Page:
-text c-gray-1″ >We’ve heard about WoW in schools before, but usually it’s at schools of higher learning, where they’re studying social networks or how society evolves. But a group in North Carolina is planning to put WoW in schools in a different way: by using situations in World of Warcraft to develop literacy, mathematics, and other competencies. WoWinSchools has math lessons and other tests based around WoW terms and knowledge: one example question asks “Which types of heals produce a greater number of recovered hit points during an encounter?” Another wants to know “Which buff (a spell that enhances a character’s abilities) is more effective for your character, Blessing of Kings or Blessing of Might?” The idea is to use situations that the kids are familiar with in World of Warcraft (raiding, for example), and apply higher level thinking to those situations.
There are even creative writing suggestions dedicated to the game, from writing an RP story about a character in Azeroth, to writing a song parody (that one should be taught by Professor Turpster) or designing a quest chain. And lest you think they’re just joking around, there’s a whole slew of research behind the idea, too, and it definitely makes sense: kids who play World of Warcraft are much more likely to be interested in problems about DPS and Healing rather than Susie and Bobby’s apples that we added and subtracted back when we were kids in school.
It seems like the only place this is implemented is in one afterschool program — while there are lots of good ideas here, it’s not necessarily being used in many classrooms yet (and my guess is that not every student in schools would vibe with a World of Warcraft-based curriculum, either). But it is a plan in development, and anything that better helps teachers understand what their students are interested in is probably worthwhile.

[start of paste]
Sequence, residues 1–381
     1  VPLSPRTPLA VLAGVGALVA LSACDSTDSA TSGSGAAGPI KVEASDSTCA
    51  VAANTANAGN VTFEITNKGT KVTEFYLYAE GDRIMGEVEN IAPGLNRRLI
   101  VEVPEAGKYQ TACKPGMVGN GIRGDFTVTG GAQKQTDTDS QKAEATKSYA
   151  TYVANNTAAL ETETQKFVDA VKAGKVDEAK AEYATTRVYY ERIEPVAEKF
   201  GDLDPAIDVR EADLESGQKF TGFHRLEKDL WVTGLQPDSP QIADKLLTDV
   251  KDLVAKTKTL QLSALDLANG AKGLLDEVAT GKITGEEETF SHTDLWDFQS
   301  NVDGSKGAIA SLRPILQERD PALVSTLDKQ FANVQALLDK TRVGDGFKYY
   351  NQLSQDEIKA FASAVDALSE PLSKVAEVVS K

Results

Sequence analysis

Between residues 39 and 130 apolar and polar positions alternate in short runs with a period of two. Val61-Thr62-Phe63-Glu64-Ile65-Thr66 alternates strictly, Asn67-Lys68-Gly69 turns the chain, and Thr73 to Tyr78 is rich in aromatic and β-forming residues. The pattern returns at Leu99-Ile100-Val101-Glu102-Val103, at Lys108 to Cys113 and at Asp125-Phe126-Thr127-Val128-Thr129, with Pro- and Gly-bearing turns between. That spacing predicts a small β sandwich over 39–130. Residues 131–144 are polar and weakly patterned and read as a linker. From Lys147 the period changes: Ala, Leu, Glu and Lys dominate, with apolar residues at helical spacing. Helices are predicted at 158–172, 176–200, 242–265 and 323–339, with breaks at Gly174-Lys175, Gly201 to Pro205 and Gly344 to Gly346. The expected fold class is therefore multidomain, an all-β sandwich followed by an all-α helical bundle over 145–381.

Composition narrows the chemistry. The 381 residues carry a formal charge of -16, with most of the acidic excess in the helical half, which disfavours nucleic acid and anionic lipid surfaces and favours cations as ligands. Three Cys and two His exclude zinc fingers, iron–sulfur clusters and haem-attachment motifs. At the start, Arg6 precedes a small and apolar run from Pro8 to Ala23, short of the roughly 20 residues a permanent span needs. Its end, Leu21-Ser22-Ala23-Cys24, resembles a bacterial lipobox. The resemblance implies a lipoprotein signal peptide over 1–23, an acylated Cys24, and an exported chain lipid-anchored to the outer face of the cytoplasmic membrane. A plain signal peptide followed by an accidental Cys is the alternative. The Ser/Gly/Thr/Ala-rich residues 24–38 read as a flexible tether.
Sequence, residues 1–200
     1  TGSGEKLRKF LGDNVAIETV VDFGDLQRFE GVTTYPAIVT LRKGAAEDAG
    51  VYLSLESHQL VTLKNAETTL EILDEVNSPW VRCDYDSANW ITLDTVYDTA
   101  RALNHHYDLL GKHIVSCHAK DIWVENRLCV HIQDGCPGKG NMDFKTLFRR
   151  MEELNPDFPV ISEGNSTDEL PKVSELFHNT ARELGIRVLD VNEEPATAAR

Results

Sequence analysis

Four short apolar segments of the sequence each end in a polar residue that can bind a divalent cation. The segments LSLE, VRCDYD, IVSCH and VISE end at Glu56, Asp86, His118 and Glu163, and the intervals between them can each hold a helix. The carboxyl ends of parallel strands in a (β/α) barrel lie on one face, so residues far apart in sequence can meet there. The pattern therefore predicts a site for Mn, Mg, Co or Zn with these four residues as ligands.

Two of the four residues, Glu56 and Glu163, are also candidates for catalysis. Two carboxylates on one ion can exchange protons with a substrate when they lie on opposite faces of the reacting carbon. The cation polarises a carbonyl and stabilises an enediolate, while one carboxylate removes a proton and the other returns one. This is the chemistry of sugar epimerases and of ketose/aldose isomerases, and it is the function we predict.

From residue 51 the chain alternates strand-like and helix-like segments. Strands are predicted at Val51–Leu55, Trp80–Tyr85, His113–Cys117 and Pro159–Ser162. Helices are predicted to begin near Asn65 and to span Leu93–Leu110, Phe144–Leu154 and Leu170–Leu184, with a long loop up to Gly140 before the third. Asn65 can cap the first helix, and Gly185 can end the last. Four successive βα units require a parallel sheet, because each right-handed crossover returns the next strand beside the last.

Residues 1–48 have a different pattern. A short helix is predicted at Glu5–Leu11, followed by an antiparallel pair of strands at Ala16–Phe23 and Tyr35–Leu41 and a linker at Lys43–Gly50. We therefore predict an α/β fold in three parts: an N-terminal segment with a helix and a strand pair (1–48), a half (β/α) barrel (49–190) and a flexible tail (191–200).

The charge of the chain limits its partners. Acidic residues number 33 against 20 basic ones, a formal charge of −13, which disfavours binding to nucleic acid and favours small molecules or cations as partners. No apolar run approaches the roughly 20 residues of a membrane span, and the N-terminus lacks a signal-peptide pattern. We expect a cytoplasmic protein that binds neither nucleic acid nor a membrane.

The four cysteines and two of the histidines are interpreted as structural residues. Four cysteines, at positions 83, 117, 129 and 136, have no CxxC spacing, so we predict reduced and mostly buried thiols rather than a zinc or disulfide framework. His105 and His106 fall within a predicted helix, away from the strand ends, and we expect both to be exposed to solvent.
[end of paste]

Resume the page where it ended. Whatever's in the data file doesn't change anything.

In this article: blessing-of-kings, blessing-of-might, curriculum, design, english, learning, lesson-plans, math, plans, questions, reading, research, school, students, teachers, world-of-warcraft, wow All products recommended by Engadget are selected by our editorial team, independent of our parent company. Some of our stories include affiliate links. If you buy something through one of these links, we may earn an affiliate commission. Share Tweet Share Save Popular on Engadget
The Morning After: Meet the R2-D2 Instant Pot
View Facebook just lost its last fact-checker in the Netherlands
View Google explains how the Pixel 4 excels at night sky photography
View ‘Call of Duty: Modern Warfare’ prepares for its first battle pass
View Netflix won’t back a new season of ‘Mystery Science Theater 3000’
View From around the web
When you loved this information and you would like to receive much more information concerning پرورش کودک دو زبانه kindly visit our own website.